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Why Do We Smell Others Better Than We Smell Ourselves?

Trust us, not being able to smell yourself is a blessing

You could smell like 2,000-year-old mummy juice and have no idea. Conversely, your quarantine partner could smell like 2,000-year-old mummy juice, and you could detect them from a mile away (or at least the other room). This is because our noses and brains are designed to detect sudden changes in the aromas around us while adapting to the smells that follow us everywhere.

Put simply, everything around us emanates scented molecules. When we breathe in, those molecules attach to a wall of mucus on the back of our throats (gross, I know). Receptor cells in that mucus then describe the smell to our brain. But as cognitive psychologist Pamela Dalton explains to the Washington Post, our brain is constantly focusing its energy on perceiving new sights, sounds and smells, so it often ignores those that have been following us around.

This phenomenon is called olfactory adaptation, and studies have proven its existence. One study found that subjects stopped picking up the scent of air fresheners in their bedrooms after only a few days, and they were even less sensitive to the same smell in other environments, too.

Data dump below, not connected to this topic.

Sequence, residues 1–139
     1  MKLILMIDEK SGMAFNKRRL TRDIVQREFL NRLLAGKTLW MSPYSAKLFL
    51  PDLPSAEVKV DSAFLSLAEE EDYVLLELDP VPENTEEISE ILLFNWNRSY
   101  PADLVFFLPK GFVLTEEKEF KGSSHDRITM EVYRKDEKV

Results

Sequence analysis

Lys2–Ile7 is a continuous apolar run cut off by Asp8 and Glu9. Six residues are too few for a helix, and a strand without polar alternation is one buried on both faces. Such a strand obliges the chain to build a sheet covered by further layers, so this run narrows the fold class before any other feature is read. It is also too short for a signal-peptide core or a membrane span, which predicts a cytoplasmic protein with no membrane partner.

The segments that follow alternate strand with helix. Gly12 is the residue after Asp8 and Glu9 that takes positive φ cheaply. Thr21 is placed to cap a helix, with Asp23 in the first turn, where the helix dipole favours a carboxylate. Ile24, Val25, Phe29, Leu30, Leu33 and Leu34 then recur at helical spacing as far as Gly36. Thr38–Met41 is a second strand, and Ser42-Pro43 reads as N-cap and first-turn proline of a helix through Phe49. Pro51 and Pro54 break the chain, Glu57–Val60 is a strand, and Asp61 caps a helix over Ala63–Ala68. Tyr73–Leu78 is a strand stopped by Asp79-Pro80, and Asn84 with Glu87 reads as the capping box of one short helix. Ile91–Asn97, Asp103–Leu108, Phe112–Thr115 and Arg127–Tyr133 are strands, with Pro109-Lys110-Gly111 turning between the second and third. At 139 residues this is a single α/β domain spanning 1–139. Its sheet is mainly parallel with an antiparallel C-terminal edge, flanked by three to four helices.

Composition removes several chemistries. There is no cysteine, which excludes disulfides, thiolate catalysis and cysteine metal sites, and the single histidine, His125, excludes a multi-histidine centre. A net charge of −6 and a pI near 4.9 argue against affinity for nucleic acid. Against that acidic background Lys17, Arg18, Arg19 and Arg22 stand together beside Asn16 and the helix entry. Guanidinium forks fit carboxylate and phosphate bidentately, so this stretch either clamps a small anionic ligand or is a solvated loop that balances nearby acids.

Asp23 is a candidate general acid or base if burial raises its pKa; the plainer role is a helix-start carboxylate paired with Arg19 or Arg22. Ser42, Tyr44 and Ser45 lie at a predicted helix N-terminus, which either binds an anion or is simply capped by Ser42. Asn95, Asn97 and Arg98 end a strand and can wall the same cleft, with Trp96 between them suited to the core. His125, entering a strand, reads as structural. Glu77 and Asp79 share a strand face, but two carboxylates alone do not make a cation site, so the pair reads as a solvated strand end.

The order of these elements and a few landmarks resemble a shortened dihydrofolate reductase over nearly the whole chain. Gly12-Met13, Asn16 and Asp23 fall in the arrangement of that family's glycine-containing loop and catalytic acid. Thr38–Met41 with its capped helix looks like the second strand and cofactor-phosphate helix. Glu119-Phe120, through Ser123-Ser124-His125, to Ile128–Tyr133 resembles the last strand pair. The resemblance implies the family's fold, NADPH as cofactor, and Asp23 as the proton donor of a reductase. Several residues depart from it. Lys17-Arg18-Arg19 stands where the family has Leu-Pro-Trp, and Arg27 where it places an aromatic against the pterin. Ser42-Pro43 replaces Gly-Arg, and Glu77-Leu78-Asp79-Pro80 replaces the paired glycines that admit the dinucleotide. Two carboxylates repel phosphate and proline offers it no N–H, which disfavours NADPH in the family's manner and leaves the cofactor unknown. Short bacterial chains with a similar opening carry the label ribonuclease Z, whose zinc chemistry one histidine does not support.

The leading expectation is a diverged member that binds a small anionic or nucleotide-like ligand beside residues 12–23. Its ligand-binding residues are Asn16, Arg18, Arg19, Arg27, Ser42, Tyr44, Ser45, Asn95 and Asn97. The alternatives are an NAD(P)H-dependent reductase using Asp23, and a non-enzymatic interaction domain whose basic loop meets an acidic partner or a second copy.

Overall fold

In fact, it can take several weeks for your nose to reset after it familiarizes itself with nearby smells. “What seems to happen in long-term adaptation is that the receptors that would normally respond to these smells almost turn off after being bombarded for a few weeks,” Dalton told the Post. “You don’t see that in vision or hearing. You can be adapted to a sound or sight, but generally the systems recover pretty quickly. The fact that it takes two or three weeks to regain sensitivity is very unique.”

However, if you suspect you smell like mummy juice, there are some ways to stimulate your nose quicker. Perfumers apparently swear by running up and down the stairs to increase blood flow, which seems to help the nose start smelling those familiar scents again. 

Or as George Preti, an expert in human bodily odors at the Monell Chemical Sense Center, suggests, “Find somebody you know and trust and ask them. If they tell you that you don’t smell bad, then most likely, you don’t have anything to worry about.”

If they mention anything about 2,000-year-old mummy juice, however, maybe consider a shower. And you should probably put away that ancient burial urn, too.

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